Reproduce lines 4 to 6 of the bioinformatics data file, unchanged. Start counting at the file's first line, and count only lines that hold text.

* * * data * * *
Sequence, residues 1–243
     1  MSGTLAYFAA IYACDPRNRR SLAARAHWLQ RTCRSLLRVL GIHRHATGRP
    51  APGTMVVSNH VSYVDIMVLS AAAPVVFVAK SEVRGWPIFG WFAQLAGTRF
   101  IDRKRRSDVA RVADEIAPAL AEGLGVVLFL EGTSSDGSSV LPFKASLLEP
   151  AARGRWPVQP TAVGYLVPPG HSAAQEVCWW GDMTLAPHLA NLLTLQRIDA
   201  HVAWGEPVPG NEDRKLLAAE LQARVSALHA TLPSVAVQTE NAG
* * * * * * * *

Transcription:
   101  IDRKRRSDVA RVADEIAPAL AEGLGVVLFL EGTSSDGSSV LPFKASLLEP
   151  AARGRWPVQP TAVGYLVPPG HSAAQEVCWW GDMTLAPHLA NLLTLQRIDA
   201  HVAWGEPVPG NEDRKLLAAE LQARVSALHA TLPSVAVQTE NAG